I have recently setup a SLackware10.1 box running proftpd. proftpd is started by inetd.
The system has one normal user. This user has (for some reason) ftp access (at least read) to the whole file system.
This is not the intention and I like to know how to solve this.
tells me to chroot the user to his home directory. Also, searching this forum refers to chroot.
I've added the bold lines to proftpd.conf and restarted inetd (I assumed that that's necessary as proftpd started by inetd).
# This is a basic ProFTPD configuration file.
# It establishes a single server and a single anonymous login.
# It assumes that you have a user/group "nobody" and "ftp"
# for normal/anonymous operation.
ServerName "ProFTPD Default Installation"
# Port 21 is the standard FTP port.
# Umask 022 is a good standard umask to prevent new dirs and files
# from being group and world writable.
# To prevent DoS attacks, set the maximum number of child processes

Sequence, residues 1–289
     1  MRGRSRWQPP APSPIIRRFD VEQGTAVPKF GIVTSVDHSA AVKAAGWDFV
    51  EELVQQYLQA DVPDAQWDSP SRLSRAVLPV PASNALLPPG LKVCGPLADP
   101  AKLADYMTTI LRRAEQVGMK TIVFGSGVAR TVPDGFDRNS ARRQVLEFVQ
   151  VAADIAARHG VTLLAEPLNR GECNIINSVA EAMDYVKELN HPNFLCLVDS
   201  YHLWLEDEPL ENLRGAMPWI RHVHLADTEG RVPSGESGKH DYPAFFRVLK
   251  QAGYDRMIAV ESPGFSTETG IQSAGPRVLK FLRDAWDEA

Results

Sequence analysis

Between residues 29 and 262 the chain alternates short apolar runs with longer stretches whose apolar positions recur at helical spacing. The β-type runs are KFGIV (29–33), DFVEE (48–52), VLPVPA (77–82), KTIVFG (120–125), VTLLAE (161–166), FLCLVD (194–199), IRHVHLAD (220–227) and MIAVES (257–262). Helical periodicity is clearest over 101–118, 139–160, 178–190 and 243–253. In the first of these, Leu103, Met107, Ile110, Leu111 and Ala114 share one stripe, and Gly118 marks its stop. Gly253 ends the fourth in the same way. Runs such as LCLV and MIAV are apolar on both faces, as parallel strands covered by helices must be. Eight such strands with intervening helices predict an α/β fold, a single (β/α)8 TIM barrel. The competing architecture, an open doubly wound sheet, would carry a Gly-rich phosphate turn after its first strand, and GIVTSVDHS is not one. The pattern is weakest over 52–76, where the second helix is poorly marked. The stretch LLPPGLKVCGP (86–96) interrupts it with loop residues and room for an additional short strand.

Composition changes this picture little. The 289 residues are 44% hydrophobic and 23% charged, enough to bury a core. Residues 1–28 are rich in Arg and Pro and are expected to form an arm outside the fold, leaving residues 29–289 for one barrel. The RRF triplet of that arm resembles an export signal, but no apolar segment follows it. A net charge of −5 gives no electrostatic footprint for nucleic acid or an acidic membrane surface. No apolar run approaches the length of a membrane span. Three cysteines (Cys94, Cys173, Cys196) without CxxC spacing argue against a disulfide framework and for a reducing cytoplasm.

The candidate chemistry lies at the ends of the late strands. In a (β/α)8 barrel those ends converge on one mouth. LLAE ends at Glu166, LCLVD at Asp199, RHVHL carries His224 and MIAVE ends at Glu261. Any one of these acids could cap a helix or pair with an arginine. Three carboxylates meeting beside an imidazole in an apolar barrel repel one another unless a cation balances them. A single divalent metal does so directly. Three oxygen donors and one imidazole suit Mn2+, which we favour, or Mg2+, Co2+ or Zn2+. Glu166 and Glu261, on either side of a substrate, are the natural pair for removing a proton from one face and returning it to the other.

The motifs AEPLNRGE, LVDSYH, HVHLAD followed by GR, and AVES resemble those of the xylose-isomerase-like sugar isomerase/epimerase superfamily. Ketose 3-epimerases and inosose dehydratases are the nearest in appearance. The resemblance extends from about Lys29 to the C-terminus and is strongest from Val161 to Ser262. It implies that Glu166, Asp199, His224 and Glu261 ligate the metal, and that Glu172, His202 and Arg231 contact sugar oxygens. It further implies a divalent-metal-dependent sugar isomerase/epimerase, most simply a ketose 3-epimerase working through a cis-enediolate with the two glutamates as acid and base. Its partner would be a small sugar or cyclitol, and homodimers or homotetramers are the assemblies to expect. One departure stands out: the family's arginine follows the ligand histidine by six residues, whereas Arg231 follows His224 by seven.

# to 30. If you need to allow more than 30 concurrent connections
# at once, simply increase this value. Note that this ONLY works
# in standalone mode, in inetd mode you should use an inetd server
# that allows you to limit maximum number of processes per service
# (such as xinetd)
# Set the user and group that the server normally runs at.
# This next option is required for NIS or NIS+ to work properly:
# Normally, we want files to be overwriteable.
# A basic anonymous FTP server configuration.
# To enable this, remove the user ftp from /etc/ftpusers.
# We want clients to be able to login with "anonymous" as well as "ftp"
UserAlias anonymous ftp
# Limit the maximum number of anonymous logins
# We want 'welcome.msg' displayed at login, and '.message' displayed
# in each newly chdired directory.
# Limit WRITE everywhere in the anonymous chroot
# An upload directory that allows storing files but not retrieving
# or creating directories.
# <Directory incoming/*>
# <Limit READ>
# <Limit STOR>
This does not seem to do the trick. It also does not make sense to me as I don't want a virtual host. Seeing the word 'DefaultRoot' then also does not make sense, it's just the default.
So how can I limit user access? Thanks in advance
The user only belongs to group users
I ran Slackware 10.0 before with proftp and can't remember that I had this problem (stock standard worked as far as I can remember).